Pacific Money

Indonesia Battles Inflation, Both Real and Potential

The central bank again raises interest rates, as inflation continues to climb and the currency weaken.

It was not so long ago that Pacific Money commented on Indonesia’s fear of future inflation. Less than a month has passed since Bank Indonesia raised a key interest rate in an attempt to counter a slide in the rupiah, and more importantly to head off inflation associated with fuel-price hikes.

It seems that the measures are now considered to have been inadequate. On Thursday, Bank Indonesia again hiked its deposit facility rate (the amount that the central bank pays lenders on overnight deposits), this time by 50 basis points to 4.75%. The key reference rate was also increased by 50 bps to 6.5%.

The reasoning behind the moves is the same as last time, although admittedly this time the feared inflation resulting from the fuel price increase is no longer hypothetical. Transportation costs jumped 5.48% year on year in June, having only gained 1.64% in May. Overall inflation hit 5.9% year on year in June, up from 5.47% in May.

The rupiah, meanwhile, has continued its slide that began in 2011 and that has been fairly steady throughout 2013. It even continued despite last month’s rate hikes, so it seems that Bank Indonesia is this time using a slightly bigger stick in its efforts to support the currency. The country’s foreign reserves meanwhile dipped below the USD100 billion mark during June. Whilst not a massive fall, this level could have been a “psychological barrier” (i.e., a level at which certain market participant behaviour is triggered), and may thus have contributed to the thinking behind the interest rate decision on Thursday.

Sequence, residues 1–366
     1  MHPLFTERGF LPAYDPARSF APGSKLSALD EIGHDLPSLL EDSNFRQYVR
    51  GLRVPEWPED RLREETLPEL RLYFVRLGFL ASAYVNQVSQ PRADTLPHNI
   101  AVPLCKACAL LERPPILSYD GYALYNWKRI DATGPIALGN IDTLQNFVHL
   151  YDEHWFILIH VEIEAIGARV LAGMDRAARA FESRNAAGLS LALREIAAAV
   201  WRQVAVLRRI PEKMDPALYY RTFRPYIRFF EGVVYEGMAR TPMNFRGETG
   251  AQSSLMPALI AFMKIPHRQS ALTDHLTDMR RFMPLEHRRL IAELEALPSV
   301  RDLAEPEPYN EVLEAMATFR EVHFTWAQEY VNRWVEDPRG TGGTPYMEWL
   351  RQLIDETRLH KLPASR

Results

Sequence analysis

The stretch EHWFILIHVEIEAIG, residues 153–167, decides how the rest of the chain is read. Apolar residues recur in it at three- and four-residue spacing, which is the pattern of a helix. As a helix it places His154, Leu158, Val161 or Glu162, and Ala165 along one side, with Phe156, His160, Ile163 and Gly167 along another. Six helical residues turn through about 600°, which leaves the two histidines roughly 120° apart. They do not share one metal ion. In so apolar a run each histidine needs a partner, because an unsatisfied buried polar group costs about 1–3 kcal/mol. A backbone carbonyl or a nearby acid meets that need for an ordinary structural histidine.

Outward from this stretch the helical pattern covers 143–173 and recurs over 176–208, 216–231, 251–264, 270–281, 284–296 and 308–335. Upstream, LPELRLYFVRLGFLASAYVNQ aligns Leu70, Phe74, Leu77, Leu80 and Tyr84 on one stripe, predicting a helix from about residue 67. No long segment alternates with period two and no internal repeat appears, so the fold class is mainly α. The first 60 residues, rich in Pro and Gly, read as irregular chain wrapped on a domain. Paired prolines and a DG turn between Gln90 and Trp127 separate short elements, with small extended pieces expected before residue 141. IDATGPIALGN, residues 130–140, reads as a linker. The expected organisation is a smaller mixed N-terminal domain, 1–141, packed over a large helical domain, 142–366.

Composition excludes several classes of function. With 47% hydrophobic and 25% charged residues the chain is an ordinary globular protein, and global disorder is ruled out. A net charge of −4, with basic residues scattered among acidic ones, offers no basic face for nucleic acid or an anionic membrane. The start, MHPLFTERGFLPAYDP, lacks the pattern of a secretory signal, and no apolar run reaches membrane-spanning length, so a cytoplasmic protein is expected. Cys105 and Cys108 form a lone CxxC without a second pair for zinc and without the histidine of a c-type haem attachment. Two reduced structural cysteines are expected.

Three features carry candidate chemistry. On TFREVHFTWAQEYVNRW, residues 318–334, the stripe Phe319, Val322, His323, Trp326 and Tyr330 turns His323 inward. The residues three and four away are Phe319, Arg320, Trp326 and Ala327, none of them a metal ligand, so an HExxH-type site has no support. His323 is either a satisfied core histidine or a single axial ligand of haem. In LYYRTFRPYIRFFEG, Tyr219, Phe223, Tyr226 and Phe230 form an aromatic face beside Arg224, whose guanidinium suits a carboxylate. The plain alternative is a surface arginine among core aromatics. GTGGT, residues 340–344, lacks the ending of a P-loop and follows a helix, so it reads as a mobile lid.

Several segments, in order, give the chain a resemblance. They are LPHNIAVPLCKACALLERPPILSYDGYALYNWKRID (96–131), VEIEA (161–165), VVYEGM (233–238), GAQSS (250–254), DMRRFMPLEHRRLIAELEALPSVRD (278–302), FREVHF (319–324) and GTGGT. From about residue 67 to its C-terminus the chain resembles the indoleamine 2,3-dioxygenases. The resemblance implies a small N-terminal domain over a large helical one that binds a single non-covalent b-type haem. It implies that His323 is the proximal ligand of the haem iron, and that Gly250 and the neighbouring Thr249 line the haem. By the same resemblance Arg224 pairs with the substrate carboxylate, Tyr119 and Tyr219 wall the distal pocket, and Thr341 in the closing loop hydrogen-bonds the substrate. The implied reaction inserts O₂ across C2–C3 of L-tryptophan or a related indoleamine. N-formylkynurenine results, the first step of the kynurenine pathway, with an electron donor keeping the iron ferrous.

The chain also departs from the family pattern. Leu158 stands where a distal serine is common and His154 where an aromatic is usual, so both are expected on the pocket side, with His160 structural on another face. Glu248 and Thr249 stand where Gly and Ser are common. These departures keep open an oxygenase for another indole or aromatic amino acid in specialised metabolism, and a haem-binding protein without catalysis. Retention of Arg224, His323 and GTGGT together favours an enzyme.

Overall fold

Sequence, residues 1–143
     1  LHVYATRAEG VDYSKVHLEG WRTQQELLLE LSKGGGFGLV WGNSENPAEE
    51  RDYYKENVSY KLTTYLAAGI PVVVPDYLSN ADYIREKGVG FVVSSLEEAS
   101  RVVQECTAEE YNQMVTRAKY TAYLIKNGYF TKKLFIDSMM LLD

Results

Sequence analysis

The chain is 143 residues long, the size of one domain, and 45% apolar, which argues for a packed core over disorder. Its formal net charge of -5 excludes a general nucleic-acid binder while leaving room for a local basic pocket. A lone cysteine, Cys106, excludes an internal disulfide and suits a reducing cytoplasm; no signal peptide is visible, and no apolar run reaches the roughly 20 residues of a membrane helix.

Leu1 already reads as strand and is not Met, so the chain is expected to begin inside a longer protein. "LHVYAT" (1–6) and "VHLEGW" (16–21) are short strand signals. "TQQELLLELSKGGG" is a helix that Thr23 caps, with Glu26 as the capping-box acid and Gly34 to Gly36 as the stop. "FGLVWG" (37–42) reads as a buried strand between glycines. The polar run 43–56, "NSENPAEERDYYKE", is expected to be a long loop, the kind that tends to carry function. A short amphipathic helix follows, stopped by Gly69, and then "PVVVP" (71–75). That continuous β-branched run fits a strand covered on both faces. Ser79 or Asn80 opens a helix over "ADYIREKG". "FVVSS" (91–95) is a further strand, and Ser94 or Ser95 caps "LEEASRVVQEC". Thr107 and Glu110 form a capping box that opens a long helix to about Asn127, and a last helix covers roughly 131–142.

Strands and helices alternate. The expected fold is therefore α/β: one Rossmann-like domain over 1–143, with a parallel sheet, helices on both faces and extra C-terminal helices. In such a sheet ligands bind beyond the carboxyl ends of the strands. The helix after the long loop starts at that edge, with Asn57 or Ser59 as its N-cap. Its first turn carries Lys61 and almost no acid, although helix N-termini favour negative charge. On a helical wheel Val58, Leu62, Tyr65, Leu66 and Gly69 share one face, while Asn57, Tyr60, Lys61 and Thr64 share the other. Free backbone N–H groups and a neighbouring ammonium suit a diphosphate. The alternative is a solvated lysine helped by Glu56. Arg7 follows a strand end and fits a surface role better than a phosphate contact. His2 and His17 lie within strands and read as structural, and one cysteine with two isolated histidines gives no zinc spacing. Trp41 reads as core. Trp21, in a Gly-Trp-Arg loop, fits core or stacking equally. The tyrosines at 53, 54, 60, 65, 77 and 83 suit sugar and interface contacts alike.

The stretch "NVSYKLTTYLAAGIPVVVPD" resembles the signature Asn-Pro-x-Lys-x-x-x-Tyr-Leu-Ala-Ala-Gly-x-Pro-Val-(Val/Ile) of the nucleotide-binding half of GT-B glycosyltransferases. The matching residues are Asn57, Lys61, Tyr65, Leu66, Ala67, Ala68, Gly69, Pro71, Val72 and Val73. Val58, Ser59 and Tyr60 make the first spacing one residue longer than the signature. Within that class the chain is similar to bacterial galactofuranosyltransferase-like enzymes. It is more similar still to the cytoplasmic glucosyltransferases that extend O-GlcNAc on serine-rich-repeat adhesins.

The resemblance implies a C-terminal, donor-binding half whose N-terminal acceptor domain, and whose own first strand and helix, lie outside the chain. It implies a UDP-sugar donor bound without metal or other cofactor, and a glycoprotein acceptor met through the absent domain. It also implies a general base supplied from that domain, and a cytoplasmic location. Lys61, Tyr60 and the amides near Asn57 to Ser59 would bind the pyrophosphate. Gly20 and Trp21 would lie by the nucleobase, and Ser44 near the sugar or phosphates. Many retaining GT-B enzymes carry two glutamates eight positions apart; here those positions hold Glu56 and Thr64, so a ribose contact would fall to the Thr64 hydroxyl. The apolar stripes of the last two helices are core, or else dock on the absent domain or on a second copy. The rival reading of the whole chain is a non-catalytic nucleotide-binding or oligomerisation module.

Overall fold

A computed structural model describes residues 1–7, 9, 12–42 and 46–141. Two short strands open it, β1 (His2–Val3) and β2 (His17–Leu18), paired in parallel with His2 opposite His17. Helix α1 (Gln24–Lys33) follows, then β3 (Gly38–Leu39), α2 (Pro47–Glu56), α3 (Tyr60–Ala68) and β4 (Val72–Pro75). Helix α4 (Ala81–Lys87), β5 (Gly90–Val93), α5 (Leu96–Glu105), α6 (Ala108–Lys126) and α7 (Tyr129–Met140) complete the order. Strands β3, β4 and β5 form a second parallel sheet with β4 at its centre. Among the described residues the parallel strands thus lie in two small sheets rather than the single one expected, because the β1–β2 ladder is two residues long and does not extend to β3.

Indeed, Indonesia’s trade position is weakening; even China’s domestic situation is affecting Indonesian exports. China’s June imports of coal were down a massive 18% month on month in June, and down 19% for the year. This was due to Chinese domestic coal prices falling below the level at which they become competitive vis-à-vis imported coal – a large portion of which comes from Indonesia.

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The question now is whether or not Jakarta has done enough. With the economy apparently slowing modestly, the Bank Indonesia would obviously rather not raise interest rates again for fear of being behind the curve, creating a pro-cyclical effect. Yet the inflation problem may not go away quickly. The fuel price rise was long overdue, and all that pent up inflation has now been released.